Fall 2021 – 2022 Schedule

September 10th

Title:Histograms and How to Make Them Better

Systems Group -- University of Chicago Computer Science

Abstract: Summarizing a large dataset with a reduced-size “synopsis” has applications from visualization to approximate computing. Data dimensionality is an acute obstacle where techniques that work well in lower dimensions, such as histograms, fail to scale to higher-dimensional data. My talk surveys a few years of research in this area by my research group and discusses the theory and practice of high-dimensional data summarization. This survey will start by understanding how histograms fail at high-dimensional estimation and simple, but powerful extensions that have a much operating regime (and why these extensions work!). Then, I will discuss the relationship between data summarization and generative modeling in machine learning. I will conclude by describing the practical computer systems that we are building with these algorithmic building blocks.

Bio: Sanjay Krishnan is an Assistant Professor of Computer Science at the University of Chicago. His research studies the intersection of machine learning and database systems. Sanjay completed his PhD and Master’s Degree at UC Berkeley in Computer Science in 2018. Sanjay’s work has received a number of awards including the 2016 SIGMOD Best Demonstration award, 2015 IEEE GHTC Best Paper award, and Sage Scholar award.

Dr. Krishnan Lab

September 17th

Title: Basepairs to petabytes: Computing the Genomics Revolution

Department of Computer Science | Michael Schatz - Department of Computer  Science

Abstract:The last 20 years have been a remarkable era for biology and medicine. One of the most significant achievements has been the sequencing of the first human genomes, which has laid the foundation for profound insights into human genetics, the intricacies of regulation and development, and the forces of evolution. Incredibly, as we look into the future over the next 20 years, we see the very real potential for sequencing more than 1 billion genomes, bringing even deeper insight into human genetics as well as the genetics of millions of other species on the planet. Realizing this great potential for medicine and biology, though, will only be achieved through the integration and development of highly scalable computational and quantitative approaches that can keep pace with the rapid improvements to biotechnology. During this presentation, I aim to chart out these future technologies, anticipate the major themes of research, and call out the challenges ahead.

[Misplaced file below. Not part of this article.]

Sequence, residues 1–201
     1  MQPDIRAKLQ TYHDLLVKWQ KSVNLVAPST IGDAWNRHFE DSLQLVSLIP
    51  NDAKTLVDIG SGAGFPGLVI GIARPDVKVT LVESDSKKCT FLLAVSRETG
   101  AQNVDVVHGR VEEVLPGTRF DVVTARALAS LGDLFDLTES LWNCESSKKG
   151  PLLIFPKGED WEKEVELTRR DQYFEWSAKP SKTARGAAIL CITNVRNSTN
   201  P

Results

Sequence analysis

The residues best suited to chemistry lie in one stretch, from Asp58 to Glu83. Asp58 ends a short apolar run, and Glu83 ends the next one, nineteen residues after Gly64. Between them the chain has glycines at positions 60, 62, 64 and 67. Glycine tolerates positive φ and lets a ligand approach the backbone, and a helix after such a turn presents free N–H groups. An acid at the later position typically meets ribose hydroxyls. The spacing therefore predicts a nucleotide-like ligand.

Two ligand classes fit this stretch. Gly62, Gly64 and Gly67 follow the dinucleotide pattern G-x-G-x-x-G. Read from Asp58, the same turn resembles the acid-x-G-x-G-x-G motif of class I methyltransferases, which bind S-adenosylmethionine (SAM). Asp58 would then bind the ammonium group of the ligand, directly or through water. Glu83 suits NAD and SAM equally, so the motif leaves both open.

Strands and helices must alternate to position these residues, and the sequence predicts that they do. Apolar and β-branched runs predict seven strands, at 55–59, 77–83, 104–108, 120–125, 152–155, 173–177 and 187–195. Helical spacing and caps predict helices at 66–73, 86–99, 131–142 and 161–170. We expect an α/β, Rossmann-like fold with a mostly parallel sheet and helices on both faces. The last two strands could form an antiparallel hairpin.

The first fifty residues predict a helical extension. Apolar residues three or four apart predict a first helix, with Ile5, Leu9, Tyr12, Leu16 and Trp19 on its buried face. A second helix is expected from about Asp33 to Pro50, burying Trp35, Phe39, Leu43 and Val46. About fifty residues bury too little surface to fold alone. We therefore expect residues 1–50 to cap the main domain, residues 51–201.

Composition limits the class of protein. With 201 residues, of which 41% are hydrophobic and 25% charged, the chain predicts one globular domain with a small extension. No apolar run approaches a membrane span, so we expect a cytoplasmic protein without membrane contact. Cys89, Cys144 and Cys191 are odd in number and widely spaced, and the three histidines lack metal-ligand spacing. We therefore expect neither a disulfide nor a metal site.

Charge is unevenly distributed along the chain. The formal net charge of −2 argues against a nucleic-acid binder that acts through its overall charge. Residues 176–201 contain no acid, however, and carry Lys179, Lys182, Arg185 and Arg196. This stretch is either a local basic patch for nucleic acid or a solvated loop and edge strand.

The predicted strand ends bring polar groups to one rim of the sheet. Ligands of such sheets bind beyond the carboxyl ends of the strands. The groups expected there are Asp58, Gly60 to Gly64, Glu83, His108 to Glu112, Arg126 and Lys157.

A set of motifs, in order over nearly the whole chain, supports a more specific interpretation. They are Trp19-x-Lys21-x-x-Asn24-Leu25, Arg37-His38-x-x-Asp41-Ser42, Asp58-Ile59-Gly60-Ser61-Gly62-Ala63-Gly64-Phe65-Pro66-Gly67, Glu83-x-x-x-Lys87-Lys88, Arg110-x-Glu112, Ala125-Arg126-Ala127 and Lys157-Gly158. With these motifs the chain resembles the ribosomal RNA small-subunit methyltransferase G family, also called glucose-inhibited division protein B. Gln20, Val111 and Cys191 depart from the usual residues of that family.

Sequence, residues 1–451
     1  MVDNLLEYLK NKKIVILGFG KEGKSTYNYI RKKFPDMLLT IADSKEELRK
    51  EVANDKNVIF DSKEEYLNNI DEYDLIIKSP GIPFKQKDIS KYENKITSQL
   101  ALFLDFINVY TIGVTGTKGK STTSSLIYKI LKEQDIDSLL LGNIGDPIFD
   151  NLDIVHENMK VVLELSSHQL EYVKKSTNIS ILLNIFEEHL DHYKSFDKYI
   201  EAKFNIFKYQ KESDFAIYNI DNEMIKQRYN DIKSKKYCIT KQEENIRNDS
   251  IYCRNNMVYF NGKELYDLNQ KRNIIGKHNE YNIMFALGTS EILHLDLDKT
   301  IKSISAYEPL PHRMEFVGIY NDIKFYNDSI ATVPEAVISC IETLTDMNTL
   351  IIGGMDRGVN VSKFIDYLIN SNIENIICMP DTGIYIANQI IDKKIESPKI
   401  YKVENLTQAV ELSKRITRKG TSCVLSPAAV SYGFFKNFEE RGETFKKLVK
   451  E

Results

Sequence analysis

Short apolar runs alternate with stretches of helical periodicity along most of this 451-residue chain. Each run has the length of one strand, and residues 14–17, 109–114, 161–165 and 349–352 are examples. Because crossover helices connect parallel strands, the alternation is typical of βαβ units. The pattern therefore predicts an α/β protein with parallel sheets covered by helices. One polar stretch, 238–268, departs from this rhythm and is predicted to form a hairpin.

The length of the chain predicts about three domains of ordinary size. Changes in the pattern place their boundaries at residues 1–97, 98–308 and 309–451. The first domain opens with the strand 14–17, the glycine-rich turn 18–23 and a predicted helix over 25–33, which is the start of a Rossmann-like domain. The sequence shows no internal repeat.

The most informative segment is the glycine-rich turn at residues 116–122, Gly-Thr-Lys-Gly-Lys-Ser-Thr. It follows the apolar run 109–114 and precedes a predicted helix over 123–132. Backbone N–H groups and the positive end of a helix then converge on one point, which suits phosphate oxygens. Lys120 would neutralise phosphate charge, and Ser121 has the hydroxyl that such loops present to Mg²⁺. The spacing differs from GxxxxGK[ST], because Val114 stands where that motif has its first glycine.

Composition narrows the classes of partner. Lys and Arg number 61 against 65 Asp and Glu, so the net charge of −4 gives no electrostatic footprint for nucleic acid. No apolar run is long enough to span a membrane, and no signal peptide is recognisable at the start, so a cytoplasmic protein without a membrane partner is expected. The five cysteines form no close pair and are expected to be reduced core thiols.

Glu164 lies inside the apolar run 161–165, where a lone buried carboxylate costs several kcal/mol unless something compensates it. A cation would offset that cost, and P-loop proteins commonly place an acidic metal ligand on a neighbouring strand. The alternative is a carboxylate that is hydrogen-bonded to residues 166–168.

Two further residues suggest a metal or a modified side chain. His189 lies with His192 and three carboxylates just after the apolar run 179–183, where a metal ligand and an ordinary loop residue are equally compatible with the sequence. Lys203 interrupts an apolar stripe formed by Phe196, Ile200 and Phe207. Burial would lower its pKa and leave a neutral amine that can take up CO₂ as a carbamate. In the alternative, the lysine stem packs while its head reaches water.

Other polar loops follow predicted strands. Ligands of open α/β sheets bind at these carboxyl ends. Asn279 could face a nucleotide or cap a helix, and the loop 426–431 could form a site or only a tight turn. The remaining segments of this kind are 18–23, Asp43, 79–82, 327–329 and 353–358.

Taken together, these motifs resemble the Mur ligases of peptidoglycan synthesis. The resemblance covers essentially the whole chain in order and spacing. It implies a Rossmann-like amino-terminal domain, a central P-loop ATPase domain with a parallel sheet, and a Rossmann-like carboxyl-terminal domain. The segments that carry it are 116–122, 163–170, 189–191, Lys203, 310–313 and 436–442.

Bio: Michael Schatz, Bloomberg Distinguished Professor of Computer Science and Biology at Johns Hopkins University, is among the world’s foremost experts in solving computational problems in genomics research. His innovative biotechnologies and computational tools to study the sequence and function of genomes are advancing the understanding of the structure, evolution, and function of genomes for medicine – particularly autism spectrum disorders, cancer, and other human disease – and agriculture.


September 24th

Title: Automatic Phenotyping in the Age of Deep Learning


Abstract: It is often estimated that 80% of clinical data today is stored in an unstructured form, mostly as electronic health records (EHR). Within this corpus of text lies a vast amount of valuable information that can be leveraged for phenotyping, pharmacogenomic studies, and clinical decision support, ultimately improving patient care and reducing healthcare costs. Until fairly recently, automatic phenotyping (patient cohort identification) had been conducted using feature-based approaches in combination with linear classifiers. Deep learning revolutionized clinical informatics, but obtaining large datasets to take advantage of highly expressive neural network models is difficult and expensive. In this talk, I will argue that amenability to pretraining is a key benefit of deep learning for healthcare. I will then outline my contributions related to pretraining phenotyping classifiers using various sources of freely available supervision. If the time permits, I will briefly review several other projects involving substance misuse classification and information extraction from medical records.

Bio: The overarching goal of Dr. Dligach’s research is developing methods for automatic semantic analysis of texts. His work spans such areas of computer science as natural language processing, machine learning, and data mining. Most recently his research has focused on semantic analysis of clinical texts. He works both on method development and applications. Prior to to joining Loyola, Dr. Dligach was a researcher at Boston Children’s Hospital and Harvard Medical School. Dr. Dligach received his PhD in computer science from the University of Colorado Boulder, his MS in computer science from the State University of New York at Buffalo, and his BS in computer science from Loyola University Chicago.

Dr. Dligach Lab

October 01st

Title: The Doctor (or Chatbot?) Is In: Towards Automated Support for Healthcare Tasks using Natural Language Processing